g) asking [Sirois] to hire “hot” female dancers for a marketing event;[3]
h) telling [Sirois] that her work attire was not feminine enough;
i) requiring that [Sirois] coordinate marketing events and schedules with Mrs. Sutton so that she could continue her illicit affair with Dedeaux;[4] and
j) following [Sirois] around with his phone and taking videos of her even after she repeatedly pleaded that he stop.[5]

Compl. ¶¶ 25(a)-(j). Thus, “[b]y his demeanor, words, and actions, Sutton made clear . . . that he had no respect for women in a professional work environment.” Compl. ¶ 26. Sirois also contends that “Sutton regularly directed hostility towards [her] because she was an openly gay female.” Compl. ¶ 27.

         Although she complained to Greener about the hostile environment Sutton had created, Sirois states that Greener consistently failed to investigate her concerns and did not take any remedial action to address Sirois' complaints. Compl. ¶¶ 28-30, 43-44, 51-52. As such, Sirois “asked to speak directly with EWP CEO, Frampton.” Compl. ¶¶ 54-55. According to Sirois, however, Frampton too gave no credence to her complaints. Instead, he “abruptly terminated [her] employment, stating that it was clear to him that [Sirois] could no longer work together with Sutton, ” but he also offered her a few weeks of severance pay for being a “nice lady.” Compl. ¶¶ 56-57. Sirois later received a termination letter from EWP dated September 28, 2016, [6] which states that the decision to terminate Sirois' employment was based on her “uncorroborated allegations” that demonstrated a “lack of respect and trust for Mr. Sutton.” Sirois refers to this letter as “direct evidence of unlawful retaliation.” Compl. ¶¶ 58-60.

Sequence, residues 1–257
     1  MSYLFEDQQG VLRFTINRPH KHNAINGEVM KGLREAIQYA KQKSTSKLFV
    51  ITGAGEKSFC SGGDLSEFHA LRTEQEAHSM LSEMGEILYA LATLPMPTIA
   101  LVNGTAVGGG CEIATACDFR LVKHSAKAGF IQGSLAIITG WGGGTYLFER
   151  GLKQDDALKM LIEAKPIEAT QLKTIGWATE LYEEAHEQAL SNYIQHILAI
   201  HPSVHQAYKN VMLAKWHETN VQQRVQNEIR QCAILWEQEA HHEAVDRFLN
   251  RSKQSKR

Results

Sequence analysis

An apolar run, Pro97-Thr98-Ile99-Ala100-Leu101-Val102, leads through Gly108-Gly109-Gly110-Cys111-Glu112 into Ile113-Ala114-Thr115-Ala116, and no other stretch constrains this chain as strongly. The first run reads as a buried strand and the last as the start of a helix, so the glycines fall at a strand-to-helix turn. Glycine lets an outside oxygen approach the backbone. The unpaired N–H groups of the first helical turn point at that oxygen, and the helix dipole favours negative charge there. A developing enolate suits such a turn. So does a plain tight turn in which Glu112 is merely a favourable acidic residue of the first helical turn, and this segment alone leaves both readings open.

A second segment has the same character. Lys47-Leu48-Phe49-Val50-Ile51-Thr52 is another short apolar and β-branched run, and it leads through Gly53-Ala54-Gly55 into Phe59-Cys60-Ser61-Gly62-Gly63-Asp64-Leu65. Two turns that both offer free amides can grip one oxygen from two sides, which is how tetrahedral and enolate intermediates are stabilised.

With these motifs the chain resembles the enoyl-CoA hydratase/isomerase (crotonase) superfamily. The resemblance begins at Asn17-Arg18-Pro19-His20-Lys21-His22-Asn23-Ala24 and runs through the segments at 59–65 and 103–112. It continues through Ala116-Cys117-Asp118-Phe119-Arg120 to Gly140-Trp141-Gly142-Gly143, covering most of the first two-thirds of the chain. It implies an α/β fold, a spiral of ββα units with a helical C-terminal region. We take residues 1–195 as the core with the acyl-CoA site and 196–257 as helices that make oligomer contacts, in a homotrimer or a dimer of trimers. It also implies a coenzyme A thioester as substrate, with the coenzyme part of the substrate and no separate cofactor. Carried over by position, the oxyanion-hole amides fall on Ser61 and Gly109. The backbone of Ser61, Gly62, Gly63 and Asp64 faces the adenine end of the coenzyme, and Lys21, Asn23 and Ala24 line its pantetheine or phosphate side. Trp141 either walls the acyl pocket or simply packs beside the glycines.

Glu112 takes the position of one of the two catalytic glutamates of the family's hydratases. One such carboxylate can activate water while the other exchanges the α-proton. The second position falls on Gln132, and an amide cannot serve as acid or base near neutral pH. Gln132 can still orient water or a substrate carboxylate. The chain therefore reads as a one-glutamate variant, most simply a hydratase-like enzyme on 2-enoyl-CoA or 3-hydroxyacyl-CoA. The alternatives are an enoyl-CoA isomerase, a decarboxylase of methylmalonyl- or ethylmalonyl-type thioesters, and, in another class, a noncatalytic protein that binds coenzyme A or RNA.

Procedural History